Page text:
The Washington State Court of Appeals handed down a decision last month reaffirming the application of the Fireman’s Rule as a prohibition against suits by emergency responders in the state of Washington.
The case is complicated but for those interested in the Fireman’s Rule, it provides some insight into the judicial considerations that have shaped the rule. Let’s start with a simplified explanation here, and a more detailed explanation in the court’s own words below.
The suit was filed by a firefighter, Wynn Loiland, who was struck by a vehicle on November 20, 2011 while at the scene of a previous accident on I-5. He suffered catastrophic injuries. At the time the roads were slippery and several accidents had previously occurred in addition to the original accident.
A Washington State Patrol Sergeant had stopped at the scene of the first accident (Accident #1), and recognizing the hazardous conditions along with the risk of being struck by another vehicle, decided to remove the uninjured parties from the area leaving one vehicle off-the-road with its lights on. Not surprisingly, the vehicle off-the road prompted additional passersby to call resulting in the dispatch of South King Fire Rescue and FF Loiland’s company. Upon arriving on scene and finding no one in or around the vehicle, FF Loiland began placing caution tape around the vehicle so that others would know that the vehicle had been checked already. It was then that he was struck (Accident #2).
Loiland sued the State of Washington, the driver that caused Accident #1 (Driver #1) and the driver who caused Accident #2 (Driver #2). He alleged the state was liable for his injuries because the state’s highway crew was negligent in not properly de-icing the roads before Accident #1 as well as before accident #2. He also alleged that the State Patrol Sergeant was negligent for not marking the vehicle in Accident #1 as already having been checked. Loiland’s allegation against Driver #1 was that his negligence in causing Accident #1 led to South King Fire Rescue being called, and thus to his injuries. Loiland claimed Driver #2 was liable for his negligence in losing control of his vehicle and striking him.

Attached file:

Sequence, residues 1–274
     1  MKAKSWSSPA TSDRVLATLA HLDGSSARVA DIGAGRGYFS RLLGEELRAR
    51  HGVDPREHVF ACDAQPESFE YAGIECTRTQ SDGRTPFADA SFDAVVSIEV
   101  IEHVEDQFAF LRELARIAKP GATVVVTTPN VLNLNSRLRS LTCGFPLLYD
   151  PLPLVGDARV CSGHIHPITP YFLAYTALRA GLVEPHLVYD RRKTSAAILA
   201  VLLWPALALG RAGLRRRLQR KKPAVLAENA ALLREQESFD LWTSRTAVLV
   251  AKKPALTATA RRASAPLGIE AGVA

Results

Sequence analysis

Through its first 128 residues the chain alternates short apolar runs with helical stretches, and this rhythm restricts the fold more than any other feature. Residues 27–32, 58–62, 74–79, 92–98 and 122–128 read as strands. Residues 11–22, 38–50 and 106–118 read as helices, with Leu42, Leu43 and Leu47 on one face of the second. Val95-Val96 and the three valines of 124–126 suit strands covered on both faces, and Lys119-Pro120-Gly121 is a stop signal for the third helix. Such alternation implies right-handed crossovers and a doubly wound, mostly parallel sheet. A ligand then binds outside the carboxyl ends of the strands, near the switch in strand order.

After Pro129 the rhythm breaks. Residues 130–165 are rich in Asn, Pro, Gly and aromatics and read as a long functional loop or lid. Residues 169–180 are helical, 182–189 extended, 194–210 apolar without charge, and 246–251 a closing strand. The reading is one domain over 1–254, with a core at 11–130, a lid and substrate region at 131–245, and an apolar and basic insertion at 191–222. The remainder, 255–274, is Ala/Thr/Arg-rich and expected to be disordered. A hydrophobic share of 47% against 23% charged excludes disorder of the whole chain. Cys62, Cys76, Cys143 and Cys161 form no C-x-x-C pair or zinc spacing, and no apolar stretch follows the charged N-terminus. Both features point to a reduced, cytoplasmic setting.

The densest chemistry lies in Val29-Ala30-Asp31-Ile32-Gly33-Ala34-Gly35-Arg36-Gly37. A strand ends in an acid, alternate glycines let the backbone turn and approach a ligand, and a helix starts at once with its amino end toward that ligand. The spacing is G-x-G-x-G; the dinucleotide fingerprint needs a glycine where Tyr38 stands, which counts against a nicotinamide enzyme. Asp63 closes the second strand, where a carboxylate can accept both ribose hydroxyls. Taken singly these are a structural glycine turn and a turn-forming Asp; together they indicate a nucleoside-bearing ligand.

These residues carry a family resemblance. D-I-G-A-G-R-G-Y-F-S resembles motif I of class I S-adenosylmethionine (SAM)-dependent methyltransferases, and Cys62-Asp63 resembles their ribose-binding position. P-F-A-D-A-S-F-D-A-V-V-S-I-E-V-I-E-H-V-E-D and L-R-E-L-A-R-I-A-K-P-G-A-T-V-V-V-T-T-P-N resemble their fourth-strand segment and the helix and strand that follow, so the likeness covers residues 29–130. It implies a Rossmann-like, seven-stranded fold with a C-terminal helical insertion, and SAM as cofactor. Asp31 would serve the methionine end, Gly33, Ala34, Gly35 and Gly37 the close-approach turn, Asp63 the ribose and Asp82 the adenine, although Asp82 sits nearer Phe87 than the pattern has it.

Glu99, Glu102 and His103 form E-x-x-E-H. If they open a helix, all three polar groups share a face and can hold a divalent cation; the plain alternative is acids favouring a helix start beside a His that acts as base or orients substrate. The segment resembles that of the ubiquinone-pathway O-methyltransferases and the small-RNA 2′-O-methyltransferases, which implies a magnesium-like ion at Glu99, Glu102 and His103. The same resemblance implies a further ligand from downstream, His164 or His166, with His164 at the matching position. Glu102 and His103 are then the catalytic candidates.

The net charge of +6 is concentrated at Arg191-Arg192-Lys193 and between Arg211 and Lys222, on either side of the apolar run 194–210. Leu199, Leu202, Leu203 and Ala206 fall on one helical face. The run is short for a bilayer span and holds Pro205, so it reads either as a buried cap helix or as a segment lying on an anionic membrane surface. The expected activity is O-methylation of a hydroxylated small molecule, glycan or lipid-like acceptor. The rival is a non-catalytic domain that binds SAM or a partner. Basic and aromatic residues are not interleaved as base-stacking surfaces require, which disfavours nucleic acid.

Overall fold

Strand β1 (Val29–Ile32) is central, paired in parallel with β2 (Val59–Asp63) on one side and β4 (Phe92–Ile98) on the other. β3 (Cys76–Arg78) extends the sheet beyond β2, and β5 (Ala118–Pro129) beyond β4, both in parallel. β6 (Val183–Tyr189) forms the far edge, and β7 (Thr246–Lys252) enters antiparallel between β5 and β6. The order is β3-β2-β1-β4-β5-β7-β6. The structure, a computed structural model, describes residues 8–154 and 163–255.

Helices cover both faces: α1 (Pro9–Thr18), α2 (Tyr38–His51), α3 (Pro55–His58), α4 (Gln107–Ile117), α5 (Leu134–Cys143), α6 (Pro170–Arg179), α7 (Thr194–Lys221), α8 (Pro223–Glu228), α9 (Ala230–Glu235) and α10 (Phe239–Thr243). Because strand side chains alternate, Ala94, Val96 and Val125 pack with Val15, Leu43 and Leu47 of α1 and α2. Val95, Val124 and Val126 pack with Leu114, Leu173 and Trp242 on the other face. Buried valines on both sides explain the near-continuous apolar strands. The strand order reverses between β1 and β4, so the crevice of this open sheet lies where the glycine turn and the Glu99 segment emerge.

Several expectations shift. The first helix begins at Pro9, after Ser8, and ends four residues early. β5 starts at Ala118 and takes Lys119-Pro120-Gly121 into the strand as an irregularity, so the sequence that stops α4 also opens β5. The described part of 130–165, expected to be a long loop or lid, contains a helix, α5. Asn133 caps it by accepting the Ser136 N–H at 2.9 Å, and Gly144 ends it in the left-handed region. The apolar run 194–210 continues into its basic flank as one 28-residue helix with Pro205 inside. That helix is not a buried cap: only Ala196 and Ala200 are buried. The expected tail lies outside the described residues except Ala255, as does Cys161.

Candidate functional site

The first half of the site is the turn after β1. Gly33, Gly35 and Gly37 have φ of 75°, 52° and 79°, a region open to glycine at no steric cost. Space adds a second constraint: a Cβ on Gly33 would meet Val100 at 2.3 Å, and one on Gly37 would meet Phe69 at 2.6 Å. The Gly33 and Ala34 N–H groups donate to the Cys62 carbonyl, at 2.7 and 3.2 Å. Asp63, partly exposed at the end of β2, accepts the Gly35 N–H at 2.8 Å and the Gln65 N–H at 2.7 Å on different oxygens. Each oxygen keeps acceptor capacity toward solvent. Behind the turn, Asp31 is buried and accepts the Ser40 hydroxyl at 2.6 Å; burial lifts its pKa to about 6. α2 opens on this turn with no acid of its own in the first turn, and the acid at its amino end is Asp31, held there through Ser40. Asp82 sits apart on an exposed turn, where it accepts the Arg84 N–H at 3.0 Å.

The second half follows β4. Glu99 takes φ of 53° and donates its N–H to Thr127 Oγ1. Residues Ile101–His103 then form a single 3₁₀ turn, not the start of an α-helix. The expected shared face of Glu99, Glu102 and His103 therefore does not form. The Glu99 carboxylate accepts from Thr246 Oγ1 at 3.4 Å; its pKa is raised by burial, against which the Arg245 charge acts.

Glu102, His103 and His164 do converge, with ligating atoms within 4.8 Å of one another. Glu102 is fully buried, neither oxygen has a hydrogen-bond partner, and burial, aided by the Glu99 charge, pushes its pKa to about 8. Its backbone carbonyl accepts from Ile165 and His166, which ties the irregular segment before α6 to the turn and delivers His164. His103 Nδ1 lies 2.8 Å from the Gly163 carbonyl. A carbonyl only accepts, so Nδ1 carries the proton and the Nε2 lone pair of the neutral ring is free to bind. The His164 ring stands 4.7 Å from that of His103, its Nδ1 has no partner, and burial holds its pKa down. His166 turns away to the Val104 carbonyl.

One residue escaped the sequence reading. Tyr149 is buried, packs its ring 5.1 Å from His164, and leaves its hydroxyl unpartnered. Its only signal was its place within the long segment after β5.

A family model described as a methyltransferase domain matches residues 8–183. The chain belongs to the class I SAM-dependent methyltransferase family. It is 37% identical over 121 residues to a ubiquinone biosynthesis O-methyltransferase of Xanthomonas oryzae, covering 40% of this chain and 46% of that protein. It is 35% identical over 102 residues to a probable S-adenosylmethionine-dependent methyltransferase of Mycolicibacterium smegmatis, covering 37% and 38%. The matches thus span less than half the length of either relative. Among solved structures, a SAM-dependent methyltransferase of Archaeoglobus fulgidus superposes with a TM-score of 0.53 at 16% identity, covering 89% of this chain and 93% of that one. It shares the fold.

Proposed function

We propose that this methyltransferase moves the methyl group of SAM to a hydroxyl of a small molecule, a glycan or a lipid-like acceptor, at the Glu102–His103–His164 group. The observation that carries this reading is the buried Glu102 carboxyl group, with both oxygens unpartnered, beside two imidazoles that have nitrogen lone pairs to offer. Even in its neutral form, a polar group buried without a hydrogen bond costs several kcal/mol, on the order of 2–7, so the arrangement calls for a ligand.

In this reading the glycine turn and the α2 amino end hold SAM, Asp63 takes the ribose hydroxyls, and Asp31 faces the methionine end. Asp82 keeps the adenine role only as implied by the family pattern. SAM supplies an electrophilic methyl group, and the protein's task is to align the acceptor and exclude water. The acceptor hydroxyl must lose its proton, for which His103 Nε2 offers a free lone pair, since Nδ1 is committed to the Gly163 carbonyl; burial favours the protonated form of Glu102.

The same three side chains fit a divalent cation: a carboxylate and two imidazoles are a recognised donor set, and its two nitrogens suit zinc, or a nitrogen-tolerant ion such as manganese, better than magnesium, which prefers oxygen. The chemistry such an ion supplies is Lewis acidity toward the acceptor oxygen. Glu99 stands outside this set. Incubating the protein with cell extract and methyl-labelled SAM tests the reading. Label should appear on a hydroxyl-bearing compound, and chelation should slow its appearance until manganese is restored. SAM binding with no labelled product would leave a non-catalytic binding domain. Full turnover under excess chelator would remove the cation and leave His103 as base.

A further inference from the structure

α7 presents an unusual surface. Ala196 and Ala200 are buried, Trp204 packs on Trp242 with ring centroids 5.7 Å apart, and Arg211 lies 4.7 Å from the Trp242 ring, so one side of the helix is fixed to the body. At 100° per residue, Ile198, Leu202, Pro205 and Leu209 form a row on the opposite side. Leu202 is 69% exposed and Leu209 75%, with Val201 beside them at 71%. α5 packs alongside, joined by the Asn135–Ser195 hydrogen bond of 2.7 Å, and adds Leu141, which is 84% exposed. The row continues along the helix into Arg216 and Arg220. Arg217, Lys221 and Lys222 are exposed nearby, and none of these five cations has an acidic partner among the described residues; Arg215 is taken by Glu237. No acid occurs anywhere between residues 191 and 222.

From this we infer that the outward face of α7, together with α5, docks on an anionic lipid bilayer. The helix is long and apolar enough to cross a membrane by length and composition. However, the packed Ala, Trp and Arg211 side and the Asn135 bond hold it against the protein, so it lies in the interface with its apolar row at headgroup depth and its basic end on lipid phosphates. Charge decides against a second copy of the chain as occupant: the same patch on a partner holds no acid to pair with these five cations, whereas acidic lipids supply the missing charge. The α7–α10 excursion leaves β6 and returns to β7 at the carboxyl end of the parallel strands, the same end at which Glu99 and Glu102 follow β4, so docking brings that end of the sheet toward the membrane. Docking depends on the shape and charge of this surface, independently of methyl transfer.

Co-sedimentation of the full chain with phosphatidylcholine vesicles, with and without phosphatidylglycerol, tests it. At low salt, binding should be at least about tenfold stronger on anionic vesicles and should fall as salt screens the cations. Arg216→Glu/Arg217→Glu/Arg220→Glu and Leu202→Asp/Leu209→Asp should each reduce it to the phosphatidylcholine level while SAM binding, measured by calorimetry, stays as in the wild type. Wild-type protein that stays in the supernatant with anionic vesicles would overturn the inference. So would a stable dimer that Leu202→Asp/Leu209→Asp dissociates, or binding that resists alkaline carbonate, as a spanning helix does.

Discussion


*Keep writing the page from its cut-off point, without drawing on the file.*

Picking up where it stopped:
The state and Driver #1 sought to have Loiland’s suit dismissed based on the Fireman’s Rule, which Washington refers to as the “professional rescuer doctrine”. The trial court and the court of appeals agreed with the state, concluding that the professional responder doctrine prohibits a firefighter from recovering from someone those whose negligence contributed to the reason for the responder having to respond. Thus neither the state nor Driver #1 could be held liable for Loiland’s injuries. Implied in the decision (although not expressly stated) is the fact that Driver #2 can be held liable for Loiland’s injuries because his negligence occurred after the responders were on scene.
For anyone interested in a more thorough explanation of the Fireman’s Rule, here is a link to my December, 2017 article in Firehouse Magazine. It is worth noting that the Washington Fire Chiefs and several other fire service organizations filed amicus briefs in the case asking the court to abolish the professional responder doctrine entirely. The court of appeals declined to do so, opting to continue it.
Here are a couple of links that explain Wynn Loiland’s situation in more detail.
For the non-legal eagles, thank you for going beyond the headlines and reading this far. You are dismissed. Just remember – the Fireman’s Rule varies considerably from state to state. Read my Firehouse article and you will get a sense for just how much variation there is. Also – let me give a shout-out to my firefighter-attorney colleague from Washington State, John Murphy, who told me about the case today. www.murphylawgroup.org